FAMILY by Micol Ostow


Age Range: 14 & up


A vivid but ponderous exploration in verse of late-1960s-California cult life. Mel, broken by her uncaring mother’s sexually abusive boyfriend, “Uncle” Jack, runs away from home with no plans beyond getting to San Francisco. Once there, without food or money, she’s a sitting duck for the charismatic Henry, who promises Mel a new life with his family of “love and openness and / everyone caring,” among whom she can be made whole and free again. Mel’s embrace of family life, with its communal meals and shared sexual partners, is enthusiastic but not wholehearted: She easily recognizes the emotional damage in all of the family members and steers clear of the worst of the bunch. Eventually Mel begins to worry that Henry, who has always seemed “infinite” and healing, is just as shattered as his followers. Like Charles Manson, on whom he is clearly based, Henry was traded by his mother for a pitcher of beer and has pretensions to fame as a prophetic folk star. After an apparent snub by a music industry executive, Mel can tell that “Henry cannot restrain His infinite want. / cannot still the undertow within.” Unfortunately, Mel’s journey is a little too clichéd to be believable—of course her emotional damage is due to sexual abuse—and her voice, full of repetitions of ominous phrases, is too mannered to be engaging. (Historical fiction/verse. 14 & up)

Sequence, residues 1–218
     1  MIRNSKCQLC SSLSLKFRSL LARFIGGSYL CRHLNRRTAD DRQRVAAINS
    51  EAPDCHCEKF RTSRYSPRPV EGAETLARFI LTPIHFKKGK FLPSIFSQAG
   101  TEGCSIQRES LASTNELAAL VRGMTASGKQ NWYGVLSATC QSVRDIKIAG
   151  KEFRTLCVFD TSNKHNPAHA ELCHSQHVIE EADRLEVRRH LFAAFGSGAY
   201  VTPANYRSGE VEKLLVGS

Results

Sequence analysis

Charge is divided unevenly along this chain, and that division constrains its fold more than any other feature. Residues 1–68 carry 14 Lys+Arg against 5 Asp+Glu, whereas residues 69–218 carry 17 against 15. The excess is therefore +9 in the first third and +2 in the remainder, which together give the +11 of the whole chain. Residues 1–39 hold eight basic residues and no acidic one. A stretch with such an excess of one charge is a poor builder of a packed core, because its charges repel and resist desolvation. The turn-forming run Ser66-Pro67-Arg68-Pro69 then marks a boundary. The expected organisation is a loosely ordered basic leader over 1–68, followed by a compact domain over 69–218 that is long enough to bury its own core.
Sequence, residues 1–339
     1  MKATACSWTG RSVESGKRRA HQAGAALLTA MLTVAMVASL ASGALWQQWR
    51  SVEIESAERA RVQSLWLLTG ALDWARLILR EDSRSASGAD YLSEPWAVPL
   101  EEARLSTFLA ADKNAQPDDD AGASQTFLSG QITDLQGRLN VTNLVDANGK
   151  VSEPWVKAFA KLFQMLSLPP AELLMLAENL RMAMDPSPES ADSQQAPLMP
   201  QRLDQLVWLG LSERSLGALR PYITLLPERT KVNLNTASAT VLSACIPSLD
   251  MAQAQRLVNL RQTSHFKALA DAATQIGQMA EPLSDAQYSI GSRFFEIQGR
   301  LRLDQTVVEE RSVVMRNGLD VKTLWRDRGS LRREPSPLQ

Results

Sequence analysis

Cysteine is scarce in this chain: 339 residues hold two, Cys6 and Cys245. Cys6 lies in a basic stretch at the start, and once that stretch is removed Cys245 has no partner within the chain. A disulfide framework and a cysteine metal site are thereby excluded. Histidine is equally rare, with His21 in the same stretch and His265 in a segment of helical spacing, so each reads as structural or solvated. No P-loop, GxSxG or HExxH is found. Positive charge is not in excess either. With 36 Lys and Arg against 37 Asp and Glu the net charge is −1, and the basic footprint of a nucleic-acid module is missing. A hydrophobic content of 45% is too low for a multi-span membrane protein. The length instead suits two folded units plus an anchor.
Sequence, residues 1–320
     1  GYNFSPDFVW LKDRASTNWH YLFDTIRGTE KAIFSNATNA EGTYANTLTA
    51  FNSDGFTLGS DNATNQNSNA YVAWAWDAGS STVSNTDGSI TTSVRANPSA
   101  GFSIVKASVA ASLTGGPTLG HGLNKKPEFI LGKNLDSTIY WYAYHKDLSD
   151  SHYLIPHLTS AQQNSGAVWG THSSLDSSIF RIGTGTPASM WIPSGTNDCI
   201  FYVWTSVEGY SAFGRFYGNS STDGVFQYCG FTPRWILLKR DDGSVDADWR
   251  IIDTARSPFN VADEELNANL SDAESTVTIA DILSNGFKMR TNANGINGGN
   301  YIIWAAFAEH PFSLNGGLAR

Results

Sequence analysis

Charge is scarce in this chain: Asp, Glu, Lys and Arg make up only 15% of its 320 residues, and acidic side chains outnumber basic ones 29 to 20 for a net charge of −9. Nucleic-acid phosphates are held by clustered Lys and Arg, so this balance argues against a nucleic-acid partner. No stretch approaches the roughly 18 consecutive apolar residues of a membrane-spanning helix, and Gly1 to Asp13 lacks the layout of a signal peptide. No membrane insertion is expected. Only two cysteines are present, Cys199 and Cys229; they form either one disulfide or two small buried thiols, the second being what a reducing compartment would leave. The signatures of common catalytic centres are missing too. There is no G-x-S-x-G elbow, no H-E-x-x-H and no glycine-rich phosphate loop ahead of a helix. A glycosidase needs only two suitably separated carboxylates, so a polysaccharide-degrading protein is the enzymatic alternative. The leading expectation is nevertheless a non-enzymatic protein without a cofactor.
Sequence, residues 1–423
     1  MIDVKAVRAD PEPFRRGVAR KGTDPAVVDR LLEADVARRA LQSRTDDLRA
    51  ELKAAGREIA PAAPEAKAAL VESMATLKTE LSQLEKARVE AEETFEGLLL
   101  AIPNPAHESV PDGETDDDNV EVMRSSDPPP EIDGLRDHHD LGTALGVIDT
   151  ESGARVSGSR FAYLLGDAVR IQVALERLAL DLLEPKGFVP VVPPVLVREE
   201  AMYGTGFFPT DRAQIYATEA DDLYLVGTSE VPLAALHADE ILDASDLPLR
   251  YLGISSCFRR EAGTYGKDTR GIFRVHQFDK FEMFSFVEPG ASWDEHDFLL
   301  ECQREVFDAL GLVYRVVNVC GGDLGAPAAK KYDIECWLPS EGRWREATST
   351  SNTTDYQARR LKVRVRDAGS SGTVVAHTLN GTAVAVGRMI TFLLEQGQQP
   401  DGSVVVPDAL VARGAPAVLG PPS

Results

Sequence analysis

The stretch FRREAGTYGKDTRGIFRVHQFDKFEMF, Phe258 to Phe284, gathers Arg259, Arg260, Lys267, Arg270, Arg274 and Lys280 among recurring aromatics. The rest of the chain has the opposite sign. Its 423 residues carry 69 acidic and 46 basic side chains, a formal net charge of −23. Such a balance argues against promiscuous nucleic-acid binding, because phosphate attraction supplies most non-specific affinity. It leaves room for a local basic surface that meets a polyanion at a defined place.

Pub Date: April 26th, 2011
ISBN: 978-1-60684-155-6
Page count: 384pp
Publisher: Egmont USA
Review Posted Online:
Kirkus Reviews Issue: March 15th, 2011


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